Butt Road Church

 

The Apse at Butt Road church.

The Apse at Butt Road church.

In the 1980’s during the building of the new police station, a cemetery of 371 graves together with a narrow building were discovered. The original building dates from 320 to 340 A.D. The original building was rectangular in shape and an apse was a later addition. Whether it was originally a Christian church or whether it was converted to this function at a later date is unclear. If the former is the correct interpretation than the date 340 would make it the earliest known Christian church in Britain.

The body of Butt Road church

The body of Butt Road church

 

An artists impression of what Butt Road church would have looked like (Colchester Museum)

An artists impression of what Butt Road church would have looked like (Colchester Museum)

Longinus originally came from the area of modern Bulgaria and was a member of the First Thracian cavalry, which had come to Britain with the original invasion force. He rose to the rank of Duplicarius, second in command of a unit of 32 men. He was 40 when he died in A.D. 55.

The tombstone of Longinus (Colchester Museum)

The tombstone of Longinus (Colchester Museum)

 

Impression of what it might have looked like when new

Impression of what it might have looked like when new

Marcus Flavonius Facilis was the centurion in the 20th legion, when he died in A.D. 43, a few years after the invasion. The style of Tombstone comes from the Rhineland, where the 20th legion had been stationed prior to the invasion of Britain.

the tombstone of Marcus Flavonius Facilis (Colchester Museum)

the tombstone of Marcus Flavonius Facilis (Colchester Museum)

 

Impression of what it might have looked like when new

Impression of what it might have looked like when new

 

The Romans in Colchester (1)

Posted: January 14, 2019 in Essex, History, Roman History, UK
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Map of Roman Colchester

Map of Roman Colchester

A trip with the History group to Colchester in Essex.

Prior to the arrival of the Romans in Britain, Camulodunum had been the Royal seat of Cunobelin, Leader of the Trinovantes. When the Roman invaded in 43AD the Emperor Claudius himself (during his brief 14 day visit) led the Roman legions into the settlement, where they proceeded to construct a legionary fortress on the high ground overlooking the Trinovantes settlement, In the initial years of the Roman conquest this newly founded Roman settlement served as the capital of the province of Britannia.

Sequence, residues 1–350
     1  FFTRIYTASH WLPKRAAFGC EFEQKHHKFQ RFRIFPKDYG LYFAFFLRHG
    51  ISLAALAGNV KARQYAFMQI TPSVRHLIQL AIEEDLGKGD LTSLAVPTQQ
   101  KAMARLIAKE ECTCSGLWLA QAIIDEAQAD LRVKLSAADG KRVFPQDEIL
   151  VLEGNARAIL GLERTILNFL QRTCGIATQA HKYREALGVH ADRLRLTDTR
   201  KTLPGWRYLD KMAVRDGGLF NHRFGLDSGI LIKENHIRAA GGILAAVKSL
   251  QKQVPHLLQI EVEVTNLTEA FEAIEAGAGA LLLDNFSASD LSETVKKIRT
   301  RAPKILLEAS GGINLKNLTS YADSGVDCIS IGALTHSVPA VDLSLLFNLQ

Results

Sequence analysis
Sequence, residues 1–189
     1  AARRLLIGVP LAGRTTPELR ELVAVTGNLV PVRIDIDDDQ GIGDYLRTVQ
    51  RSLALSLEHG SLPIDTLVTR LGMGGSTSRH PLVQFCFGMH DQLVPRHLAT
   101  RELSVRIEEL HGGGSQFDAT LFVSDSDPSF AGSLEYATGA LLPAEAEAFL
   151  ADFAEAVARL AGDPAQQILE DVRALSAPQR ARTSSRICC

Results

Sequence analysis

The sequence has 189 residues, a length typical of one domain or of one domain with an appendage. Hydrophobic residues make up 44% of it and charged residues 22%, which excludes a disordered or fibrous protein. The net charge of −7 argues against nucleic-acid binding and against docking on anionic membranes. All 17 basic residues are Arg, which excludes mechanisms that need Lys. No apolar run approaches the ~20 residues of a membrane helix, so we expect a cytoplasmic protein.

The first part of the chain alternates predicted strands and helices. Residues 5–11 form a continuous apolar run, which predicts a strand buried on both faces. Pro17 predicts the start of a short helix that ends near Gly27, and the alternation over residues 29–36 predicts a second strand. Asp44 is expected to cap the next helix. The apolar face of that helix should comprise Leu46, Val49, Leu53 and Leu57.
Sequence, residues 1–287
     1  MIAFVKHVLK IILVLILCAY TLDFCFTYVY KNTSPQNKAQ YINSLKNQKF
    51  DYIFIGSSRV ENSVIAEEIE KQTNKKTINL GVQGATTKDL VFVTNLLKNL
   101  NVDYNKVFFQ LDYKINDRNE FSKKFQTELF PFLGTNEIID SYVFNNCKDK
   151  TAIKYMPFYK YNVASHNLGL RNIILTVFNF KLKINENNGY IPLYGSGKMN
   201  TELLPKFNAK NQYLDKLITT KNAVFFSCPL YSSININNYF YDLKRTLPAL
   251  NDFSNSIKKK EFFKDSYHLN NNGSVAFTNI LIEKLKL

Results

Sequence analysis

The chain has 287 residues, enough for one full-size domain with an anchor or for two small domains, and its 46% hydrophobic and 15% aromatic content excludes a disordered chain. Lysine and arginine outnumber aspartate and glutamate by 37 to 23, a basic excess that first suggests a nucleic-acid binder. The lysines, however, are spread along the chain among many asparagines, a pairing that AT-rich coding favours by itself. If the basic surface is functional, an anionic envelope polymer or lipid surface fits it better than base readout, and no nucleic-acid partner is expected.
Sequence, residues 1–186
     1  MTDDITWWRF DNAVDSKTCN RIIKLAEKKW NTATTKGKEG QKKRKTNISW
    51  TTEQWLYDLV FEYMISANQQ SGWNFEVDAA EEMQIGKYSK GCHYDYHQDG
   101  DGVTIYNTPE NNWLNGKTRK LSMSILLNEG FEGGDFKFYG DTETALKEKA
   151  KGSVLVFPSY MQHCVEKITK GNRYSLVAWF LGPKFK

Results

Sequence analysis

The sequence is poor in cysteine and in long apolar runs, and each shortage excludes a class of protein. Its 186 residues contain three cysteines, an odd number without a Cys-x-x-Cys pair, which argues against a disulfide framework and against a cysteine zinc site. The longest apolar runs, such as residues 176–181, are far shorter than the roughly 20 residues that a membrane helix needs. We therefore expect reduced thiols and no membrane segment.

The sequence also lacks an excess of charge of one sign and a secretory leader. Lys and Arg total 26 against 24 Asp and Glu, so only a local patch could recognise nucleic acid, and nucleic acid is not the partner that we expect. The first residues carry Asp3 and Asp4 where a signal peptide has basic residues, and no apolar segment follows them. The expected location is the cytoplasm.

By 49AD it had become a civilian colonia named Colonia Claudia and the military presence was mostly comprised of retired soldiers. A dispute in AD60 with the Iceni following the death of their king led to his widow Boudica leading the Iceni and the Trinovantes against the colonia. It was ill-prepared and the rebels stormed through the city burning and killing. Those that could took refuge in the Temple of Claudius, on the site of the current castle. Here they held out for 2 days waiting for relief that never came and finally the rebels burnt it down and massacred any survivors.

Model of Temple of Claudius (Colchester Museum)

Model of Temple of Claudius (Colchester Museum)

Roman helmet from destruction layer of AD60 (Colchester Museum)

Roman helmet from destruction layer of AD60 (Colchester Museum)

Building Material from destruction layer of AD60 (Colchester Museum)

Building Material from destruction layer of AD60 (Colchester Museum)

The colonia was rebuilt following the suppression of the rebellion, but lost it status as provincial capital to the fast growing settlement of Londinium. During this rebuilding a city wall was added to ensure that the city would never be undefensible again.

Roman city wall

Roman city wall

Balkerne Gate, Colchester. Built as one of the entrances through the city wall. It originally had 4 arches, two for pedestrians and two for traffic. This made it the largest entrance arch found in the UK. Today only one pedestrian arch survives as part of a stretch of the Roman city wall.

Balkerne Gate, Colchester. Built as one of the entrances through the city wall. It originally had 4 arches, two for pedestrians and two for traffic. This made it the largest entrance arch found in the UK. Today only one pedestrian arch survives as part of a stretch of the Roman city wall.